The Minnesota Wild flew down to BB&T Center to take on the Florida Panthers Saturday night, hoping to bounce back after a 5-2 loss to the Carolina Hurricanes on Thursday (Jan. 19). Matt Dumba was a healthy scratch for the second straight game, with speculation swirling that he might be getting traded in the near future. Marcus Foligno was also out with a non-COVID illness.
Though the Wild were down two key players, this was a game they needed to win to create space between them and Colorado Avalanche, who are now on a five-game winning streak and just one point behind Minnesota for the third spot in the Central Division. However, the contest didn’t go the Wild’s way, eventually falling 5-3 with no even-strength goals to show for it.
Anton Lundell kicked off the scoring by taking advantage of a turnover in Minnesota’s end and squeaking one through Filip Gustavsson with just 12 seconds remaining in the first frame. The Panthers’ momentum entering the second frame paid off as Eetu Luostarinen potted the club’s second goal less than two minutes into the period. While Matt Boldy did register his 14th goal of the season midway through the second, it felt like the Wild were chasing the Panthers the entire night.
Wild’s Even-Strength Scoring Not There
Of the three goals scored by the Wild Saturday night, none of them were even-strength goals. They had to lean heavily on their special teams, which converted on both power plays last night. If Minnesota hopes to make a serious push for the postseason, they will need to find the scoring magic that they had at the beginning of the season.
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At the beginning of the season, there were some who wondered what team would be able to stop the dynamic duo of Kirill Kaprizov and Mats Zuccarello. They seemed to be scoring most of the Wild’s goals early in the season, which raised questions about the middle-six’s ability to contribute on the offensive side of things. However, it seems like the entire team has entered a scoring slump. They simply can’t rely exclusively on their special teams to produce offense, especially against disciplined teams that don’t take many penalties.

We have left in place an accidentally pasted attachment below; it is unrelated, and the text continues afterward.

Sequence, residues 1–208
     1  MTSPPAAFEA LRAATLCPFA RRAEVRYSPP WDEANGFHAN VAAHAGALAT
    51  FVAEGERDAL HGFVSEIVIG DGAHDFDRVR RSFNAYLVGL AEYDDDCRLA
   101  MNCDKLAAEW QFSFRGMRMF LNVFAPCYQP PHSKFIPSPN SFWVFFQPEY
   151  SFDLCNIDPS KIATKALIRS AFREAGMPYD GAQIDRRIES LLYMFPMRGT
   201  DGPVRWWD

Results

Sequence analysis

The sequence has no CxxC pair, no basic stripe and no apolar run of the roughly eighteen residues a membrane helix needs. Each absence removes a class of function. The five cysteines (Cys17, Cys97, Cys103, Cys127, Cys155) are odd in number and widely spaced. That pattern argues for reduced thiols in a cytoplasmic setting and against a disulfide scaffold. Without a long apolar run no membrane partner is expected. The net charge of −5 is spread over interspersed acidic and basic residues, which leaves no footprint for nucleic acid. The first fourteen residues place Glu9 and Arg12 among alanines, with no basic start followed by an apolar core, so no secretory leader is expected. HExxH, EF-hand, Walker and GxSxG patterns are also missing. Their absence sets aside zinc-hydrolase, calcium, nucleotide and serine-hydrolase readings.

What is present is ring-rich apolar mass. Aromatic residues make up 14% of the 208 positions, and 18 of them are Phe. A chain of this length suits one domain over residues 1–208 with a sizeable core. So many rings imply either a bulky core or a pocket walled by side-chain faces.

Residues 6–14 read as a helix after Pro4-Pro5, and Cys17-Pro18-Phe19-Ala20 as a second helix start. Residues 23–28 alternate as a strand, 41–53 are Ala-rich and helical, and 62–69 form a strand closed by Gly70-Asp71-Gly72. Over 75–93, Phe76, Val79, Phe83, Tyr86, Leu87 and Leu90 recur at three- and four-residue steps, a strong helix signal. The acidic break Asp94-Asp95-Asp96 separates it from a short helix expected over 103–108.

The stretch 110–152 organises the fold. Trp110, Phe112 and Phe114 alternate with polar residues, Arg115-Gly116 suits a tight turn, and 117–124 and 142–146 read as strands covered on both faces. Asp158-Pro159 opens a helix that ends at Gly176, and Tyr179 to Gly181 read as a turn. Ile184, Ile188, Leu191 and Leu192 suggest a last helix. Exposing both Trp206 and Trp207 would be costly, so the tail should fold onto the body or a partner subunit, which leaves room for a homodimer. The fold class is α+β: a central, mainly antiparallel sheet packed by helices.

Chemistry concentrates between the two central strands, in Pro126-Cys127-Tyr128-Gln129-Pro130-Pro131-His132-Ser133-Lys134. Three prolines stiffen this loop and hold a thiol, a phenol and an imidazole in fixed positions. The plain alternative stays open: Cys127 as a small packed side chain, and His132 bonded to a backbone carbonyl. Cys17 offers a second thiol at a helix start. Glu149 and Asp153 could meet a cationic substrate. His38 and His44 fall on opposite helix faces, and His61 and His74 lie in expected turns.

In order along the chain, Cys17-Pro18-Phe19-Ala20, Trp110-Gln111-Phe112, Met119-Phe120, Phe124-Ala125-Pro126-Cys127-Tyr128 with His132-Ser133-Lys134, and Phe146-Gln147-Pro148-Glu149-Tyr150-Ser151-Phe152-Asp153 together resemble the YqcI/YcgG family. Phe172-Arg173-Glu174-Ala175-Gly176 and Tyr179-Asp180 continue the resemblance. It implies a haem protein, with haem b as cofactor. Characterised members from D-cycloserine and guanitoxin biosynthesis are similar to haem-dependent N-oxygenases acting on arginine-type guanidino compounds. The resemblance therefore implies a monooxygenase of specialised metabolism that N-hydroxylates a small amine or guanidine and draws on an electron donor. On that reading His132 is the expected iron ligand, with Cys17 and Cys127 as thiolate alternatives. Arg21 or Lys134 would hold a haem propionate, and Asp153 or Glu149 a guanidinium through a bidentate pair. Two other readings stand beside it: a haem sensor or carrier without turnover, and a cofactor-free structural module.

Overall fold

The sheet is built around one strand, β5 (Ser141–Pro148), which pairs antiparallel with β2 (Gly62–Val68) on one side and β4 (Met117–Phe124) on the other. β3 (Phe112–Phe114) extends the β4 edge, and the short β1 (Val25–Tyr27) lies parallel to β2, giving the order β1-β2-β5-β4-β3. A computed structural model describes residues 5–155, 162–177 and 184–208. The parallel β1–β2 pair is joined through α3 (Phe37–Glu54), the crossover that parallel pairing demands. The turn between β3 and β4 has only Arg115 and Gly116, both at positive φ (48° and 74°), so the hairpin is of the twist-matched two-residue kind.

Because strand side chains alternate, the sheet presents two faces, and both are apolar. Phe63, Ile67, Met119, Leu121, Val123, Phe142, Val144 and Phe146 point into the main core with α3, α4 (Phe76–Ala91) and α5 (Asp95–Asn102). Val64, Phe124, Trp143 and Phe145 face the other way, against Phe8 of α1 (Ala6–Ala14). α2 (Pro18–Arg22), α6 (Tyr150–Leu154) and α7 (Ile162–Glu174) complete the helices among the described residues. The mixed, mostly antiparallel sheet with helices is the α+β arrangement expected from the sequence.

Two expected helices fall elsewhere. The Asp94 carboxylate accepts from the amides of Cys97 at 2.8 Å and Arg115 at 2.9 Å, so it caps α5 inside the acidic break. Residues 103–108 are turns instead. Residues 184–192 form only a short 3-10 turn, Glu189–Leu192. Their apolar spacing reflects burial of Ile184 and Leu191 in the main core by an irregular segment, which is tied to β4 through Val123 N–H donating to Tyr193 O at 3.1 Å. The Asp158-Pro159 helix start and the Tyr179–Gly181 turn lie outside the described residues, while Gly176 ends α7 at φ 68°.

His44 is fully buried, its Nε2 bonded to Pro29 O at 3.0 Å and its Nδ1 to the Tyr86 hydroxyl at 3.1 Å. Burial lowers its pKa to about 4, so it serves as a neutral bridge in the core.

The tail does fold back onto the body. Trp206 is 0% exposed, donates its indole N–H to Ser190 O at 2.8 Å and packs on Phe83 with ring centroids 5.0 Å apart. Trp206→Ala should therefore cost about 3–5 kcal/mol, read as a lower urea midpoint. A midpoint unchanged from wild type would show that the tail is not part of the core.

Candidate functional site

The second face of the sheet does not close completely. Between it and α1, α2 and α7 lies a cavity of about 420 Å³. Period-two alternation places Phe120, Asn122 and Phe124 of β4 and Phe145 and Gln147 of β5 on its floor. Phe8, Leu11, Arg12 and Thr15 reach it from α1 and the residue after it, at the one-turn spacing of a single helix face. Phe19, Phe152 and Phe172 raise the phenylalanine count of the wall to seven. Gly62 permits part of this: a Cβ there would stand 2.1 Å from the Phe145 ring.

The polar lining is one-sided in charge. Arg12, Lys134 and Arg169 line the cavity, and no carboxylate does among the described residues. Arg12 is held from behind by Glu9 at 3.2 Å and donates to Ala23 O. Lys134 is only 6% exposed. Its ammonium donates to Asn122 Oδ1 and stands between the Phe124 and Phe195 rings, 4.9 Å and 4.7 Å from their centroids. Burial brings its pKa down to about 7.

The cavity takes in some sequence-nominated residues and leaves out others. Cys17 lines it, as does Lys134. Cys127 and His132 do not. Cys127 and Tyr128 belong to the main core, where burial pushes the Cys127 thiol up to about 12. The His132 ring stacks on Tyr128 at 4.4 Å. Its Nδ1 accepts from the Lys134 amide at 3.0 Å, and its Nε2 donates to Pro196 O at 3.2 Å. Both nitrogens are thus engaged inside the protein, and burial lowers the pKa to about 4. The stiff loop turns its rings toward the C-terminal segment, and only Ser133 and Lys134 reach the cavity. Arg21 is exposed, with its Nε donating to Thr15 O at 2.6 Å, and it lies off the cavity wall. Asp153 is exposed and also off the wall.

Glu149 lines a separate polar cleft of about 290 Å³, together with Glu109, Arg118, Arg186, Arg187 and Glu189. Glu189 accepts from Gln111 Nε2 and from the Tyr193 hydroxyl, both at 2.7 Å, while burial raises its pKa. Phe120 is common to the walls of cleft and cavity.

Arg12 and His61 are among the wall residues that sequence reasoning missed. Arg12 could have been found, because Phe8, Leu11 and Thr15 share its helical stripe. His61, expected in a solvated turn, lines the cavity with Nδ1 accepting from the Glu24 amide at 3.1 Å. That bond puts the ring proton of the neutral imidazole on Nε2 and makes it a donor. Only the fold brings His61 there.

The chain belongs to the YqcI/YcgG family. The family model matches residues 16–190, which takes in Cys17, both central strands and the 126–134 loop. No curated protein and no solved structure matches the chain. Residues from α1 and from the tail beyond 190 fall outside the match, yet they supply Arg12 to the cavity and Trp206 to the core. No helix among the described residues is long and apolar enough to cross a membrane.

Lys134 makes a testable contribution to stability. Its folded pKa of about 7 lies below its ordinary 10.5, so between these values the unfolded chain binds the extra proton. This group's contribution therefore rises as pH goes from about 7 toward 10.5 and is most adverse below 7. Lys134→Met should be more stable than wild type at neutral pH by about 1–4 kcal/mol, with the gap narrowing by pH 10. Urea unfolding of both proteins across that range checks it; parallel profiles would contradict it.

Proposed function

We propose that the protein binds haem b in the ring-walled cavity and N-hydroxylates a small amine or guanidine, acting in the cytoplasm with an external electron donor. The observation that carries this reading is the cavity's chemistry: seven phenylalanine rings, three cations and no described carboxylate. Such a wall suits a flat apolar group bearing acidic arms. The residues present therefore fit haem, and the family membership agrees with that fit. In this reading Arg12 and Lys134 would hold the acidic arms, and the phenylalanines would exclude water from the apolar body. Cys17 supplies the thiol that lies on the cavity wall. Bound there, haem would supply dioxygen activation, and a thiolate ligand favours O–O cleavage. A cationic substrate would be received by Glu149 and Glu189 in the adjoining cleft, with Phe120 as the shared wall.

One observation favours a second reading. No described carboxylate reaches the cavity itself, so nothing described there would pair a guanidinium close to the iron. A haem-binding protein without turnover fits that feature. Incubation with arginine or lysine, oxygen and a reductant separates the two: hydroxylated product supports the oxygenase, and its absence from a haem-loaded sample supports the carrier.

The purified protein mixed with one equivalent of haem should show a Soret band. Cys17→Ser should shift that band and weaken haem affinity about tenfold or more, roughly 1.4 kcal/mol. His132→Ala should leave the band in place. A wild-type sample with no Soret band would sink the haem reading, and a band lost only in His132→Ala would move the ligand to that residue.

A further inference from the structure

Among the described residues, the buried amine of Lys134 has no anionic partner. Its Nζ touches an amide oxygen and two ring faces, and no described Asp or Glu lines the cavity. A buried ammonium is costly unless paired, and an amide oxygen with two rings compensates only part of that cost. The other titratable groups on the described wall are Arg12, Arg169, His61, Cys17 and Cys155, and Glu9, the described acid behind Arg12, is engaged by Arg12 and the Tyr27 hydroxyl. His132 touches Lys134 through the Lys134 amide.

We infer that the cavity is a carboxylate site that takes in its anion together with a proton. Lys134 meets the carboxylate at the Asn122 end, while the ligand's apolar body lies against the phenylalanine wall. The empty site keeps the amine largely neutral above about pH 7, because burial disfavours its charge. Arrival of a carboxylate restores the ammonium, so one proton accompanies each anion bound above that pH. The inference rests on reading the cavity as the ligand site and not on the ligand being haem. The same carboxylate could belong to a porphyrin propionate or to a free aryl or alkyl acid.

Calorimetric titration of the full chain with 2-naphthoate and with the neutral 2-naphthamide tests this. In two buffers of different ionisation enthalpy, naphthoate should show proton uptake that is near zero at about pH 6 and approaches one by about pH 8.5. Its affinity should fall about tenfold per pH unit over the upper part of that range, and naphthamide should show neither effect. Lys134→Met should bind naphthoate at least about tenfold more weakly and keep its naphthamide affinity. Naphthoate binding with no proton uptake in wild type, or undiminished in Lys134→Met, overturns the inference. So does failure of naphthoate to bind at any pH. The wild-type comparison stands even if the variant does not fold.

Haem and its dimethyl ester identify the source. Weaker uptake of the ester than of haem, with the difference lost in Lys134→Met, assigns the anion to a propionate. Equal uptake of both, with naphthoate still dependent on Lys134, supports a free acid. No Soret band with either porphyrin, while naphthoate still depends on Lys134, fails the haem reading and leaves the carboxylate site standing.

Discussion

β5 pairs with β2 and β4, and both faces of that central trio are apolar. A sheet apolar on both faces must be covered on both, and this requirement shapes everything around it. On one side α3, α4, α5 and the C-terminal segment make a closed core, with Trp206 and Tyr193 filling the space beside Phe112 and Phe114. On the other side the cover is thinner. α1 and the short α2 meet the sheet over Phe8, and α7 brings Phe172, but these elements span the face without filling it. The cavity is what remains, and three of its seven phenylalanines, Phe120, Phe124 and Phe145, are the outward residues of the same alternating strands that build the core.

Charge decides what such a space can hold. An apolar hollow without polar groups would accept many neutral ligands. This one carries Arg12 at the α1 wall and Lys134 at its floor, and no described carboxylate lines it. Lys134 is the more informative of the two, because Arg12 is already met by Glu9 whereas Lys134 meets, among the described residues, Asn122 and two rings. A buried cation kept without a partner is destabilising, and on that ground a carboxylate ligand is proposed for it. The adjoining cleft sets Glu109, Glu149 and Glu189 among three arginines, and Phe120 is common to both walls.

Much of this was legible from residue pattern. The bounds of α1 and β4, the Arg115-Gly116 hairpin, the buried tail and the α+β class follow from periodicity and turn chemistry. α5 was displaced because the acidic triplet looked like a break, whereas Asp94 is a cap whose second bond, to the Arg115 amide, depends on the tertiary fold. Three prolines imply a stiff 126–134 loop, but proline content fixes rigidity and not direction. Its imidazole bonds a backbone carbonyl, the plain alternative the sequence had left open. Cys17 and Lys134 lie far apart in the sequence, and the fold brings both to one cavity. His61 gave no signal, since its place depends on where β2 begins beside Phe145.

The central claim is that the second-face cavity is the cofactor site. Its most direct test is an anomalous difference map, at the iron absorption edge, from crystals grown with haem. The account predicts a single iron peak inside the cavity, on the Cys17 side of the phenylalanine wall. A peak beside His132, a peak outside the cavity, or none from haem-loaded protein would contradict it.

Turnovers in Their Own End
The Wild seem to struggle with carrying the puck out of their own end. Saturday night’s contest is a perfect example of allowing a failed zone exit to turn into a goal for the opposing team. With the first goal of the game, Lundell and the Panthers didn’t necessarily do anything remarkable. They simply took advantage of a lazy zone exit and capitalized with a goal in the final seconds of the period. This created momentum for Florida going into the second period, where they scored less than two minutes in.
If the Wild knew that there were only a few seconds remaining on the clock, it raises the question of why they didn’t chip the puck off the glass into the neutral zone. Despite struggling to score even-strength goals, it’s crucial that they mitigate turnovers and play rock-solid defense. Dumba was reportedly scratched against the Hurricanes on Thursday for his defensive play. In order for the top six to feel comfortable taking chances in the offensive zone, they have to be able to trust that their defensive corps is reliable with the puck.
Wild’s Questionable Coaching Decisions
Some of the coaching decisions on Saturday night didn’t appear to make much sense. With less than four minutes to go in regulation and the Wild down two goals, Ryan Reaves was still on the ice. The fourth-line enforcer has not registered a goal with the Wild since being traded from the New York Rangers and has a total of six goals since the beginning of the 2020-21 season.
In other words, Reaves should not be one of the players on the ice in a must-score situation. Though the Wild did pull Gustavsson and score on the man advantage, it just seemed like there was valuable time lost in the final moments of the game. It seems that in the waning minutes of a close game that the Wild would want to shorten the bench to increase the odds of creating scoring opportunities.
The Wild are set to take on the Tampa Bay Lightning on Tuesday night. Minnesota managed to overcome the Lightning in a 5-1 win earlier this month, playing sound hockey both offensively and defensively. As the race in the Central Division tightens, every game matters. With the Avalanche and Nashville Predators on their heels for the third spot in the division, the Wild have to focus on sound defense and generate even-strength scoring chances to keep them at bay.
C.G. played a lot of hockey in Wisconsin and Minnesota growing up. Now, he’s a hockey coach in Michigan. His fascination, love, and appreciation for hockey is why he’s here at The Hockey Writers, covering the Minnesota Wild. But he writes other things, too, including a novel entitled Project: Sleepless Dream. You can find him on Twitter @WritingTheWild.